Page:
Casa de las Américas (Havana, Cuba) will be the site for a meeting (Oct. 16-20, 2017) focused on the theme “Socialization of Latinos in the United States: Education, Religion and Mass Media.”

The meeting intends to produce a thorough debate regarding the socialization processes that influence the relationships between migrants and their children in American society.

Participants will reflect on the perspectives Latinos in the United States as social subjects immersed in new socialization spaces that create formal educational processes that constitute breakpoints in the establishment of American society while being at the same time participants of informal processes that are substantiated by other socializing agents such as religions and their institutions; and the media and social networks on the Internet. Music and sports are areas that we also want to highlight in order to make them objects of analysis.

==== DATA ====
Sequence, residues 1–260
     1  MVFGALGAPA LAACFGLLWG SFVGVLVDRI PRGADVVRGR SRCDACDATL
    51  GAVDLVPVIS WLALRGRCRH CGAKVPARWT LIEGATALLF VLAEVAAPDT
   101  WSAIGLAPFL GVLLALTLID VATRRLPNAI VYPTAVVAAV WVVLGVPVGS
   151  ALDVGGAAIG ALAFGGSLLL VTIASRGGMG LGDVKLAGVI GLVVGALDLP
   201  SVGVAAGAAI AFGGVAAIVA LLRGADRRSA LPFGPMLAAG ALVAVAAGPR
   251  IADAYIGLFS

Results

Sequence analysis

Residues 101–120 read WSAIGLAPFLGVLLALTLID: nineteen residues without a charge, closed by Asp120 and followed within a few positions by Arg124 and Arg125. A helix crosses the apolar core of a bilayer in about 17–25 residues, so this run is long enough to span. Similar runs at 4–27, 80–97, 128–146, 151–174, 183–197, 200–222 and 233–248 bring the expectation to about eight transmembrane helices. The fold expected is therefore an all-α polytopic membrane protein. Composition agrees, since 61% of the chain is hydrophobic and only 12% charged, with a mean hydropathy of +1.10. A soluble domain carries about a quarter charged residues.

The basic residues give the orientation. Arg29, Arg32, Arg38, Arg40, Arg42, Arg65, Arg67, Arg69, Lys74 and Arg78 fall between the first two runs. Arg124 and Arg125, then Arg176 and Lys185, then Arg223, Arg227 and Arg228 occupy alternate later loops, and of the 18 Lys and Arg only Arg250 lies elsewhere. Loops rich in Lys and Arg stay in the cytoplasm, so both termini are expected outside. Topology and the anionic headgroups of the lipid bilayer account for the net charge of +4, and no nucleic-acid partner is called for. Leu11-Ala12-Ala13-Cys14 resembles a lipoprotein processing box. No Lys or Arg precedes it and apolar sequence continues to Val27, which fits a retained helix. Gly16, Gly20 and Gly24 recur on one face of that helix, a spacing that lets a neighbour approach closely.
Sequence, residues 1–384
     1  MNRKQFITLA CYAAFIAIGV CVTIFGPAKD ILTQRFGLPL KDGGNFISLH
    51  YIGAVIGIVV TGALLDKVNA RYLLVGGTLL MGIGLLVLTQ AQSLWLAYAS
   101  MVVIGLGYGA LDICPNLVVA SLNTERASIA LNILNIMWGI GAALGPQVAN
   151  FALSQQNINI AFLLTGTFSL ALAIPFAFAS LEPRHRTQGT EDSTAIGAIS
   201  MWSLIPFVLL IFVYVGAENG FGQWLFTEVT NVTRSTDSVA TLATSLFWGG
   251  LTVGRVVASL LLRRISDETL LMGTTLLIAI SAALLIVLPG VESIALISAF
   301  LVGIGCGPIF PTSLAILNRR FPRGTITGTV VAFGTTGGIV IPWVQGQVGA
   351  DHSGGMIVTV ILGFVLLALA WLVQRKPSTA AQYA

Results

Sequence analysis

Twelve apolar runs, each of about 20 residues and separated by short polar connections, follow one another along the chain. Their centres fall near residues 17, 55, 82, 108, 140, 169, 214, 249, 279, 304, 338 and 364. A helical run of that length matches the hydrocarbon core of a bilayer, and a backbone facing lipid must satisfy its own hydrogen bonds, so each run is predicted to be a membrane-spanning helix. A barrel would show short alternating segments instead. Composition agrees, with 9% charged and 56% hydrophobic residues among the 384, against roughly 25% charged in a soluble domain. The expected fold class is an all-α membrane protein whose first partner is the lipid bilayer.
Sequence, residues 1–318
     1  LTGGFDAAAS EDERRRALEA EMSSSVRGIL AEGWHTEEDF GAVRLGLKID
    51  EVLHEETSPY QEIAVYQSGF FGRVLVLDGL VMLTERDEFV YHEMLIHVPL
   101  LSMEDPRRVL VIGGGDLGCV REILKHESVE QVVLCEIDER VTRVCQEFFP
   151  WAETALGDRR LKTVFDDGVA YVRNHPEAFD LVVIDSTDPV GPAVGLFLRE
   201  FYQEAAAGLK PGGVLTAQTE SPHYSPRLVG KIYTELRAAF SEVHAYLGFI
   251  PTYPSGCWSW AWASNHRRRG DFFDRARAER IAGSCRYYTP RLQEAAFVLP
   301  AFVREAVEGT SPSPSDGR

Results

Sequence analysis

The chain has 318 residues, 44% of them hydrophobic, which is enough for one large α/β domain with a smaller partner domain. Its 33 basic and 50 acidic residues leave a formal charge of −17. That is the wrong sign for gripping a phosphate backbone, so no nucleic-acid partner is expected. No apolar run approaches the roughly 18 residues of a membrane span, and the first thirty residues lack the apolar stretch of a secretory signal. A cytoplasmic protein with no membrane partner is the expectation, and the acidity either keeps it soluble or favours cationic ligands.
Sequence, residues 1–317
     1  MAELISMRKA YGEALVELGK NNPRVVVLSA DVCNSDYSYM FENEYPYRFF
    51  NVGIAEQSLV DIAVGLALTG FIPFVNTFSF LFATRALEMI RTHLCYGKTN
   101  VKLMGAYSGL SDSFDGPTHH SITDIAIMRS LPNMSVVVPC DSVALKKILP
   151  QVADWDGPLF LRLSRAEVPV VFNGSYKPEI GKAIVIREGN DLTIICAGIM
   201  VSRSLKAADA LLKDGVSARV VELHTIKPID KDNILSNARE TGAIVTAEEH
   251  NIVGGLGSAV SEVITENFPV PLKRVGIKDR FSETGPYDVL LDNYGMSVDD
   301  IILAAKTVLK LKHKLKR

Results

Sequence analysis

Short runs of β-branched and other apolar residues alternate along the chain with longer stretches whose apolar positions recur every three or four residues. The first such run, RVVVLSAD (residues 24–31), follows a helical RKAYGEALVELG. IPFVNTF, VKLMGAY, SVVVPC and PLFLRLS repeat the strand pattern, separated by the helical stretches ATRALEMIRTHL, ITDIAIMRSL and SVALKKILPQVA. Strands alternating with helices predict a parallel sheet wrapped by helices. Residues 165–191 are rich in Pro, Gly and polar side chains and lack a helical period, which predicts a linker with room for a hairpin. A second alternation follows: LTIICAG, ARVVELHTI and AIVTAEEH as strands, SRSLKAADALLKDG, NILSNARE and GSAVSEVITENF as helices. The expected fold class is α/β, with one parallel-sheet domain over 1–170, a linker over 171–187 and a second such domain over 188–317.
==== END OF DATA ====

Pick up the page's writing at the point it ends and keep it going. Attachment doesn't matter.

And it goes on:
The Colloquium, consistent with the goals of previous meetings, will create a space of action with the presence of people of Latin American and Caribbean origins who are linked to the arts, literature and social sciences and humanities.

The following are proposed as central themes:

  1. Socialization of Latinos in the United States.
  2. Educative processes for Latinos in the United States as it relates to undocumented students and informal educational spaces.
  3. Public sphere, image and representation of Latinos in mass media.
  4. Music and socialization.
  5. Religions and their institutions as spaces for socialization of Latinos in the United States.

In addition, one of the working sessions will be dedicated to discussion of the history of Cuban emigration to the United States, the insertion of Cubans and Cuban Americans in the Latino communities, and the influence of the new scenarios in Cuba-U.S. relations. Furthermore, tribute will be paid to the life and work of the Cuban artist Ana Mendieta.

ABSTRACTS AND PAPERS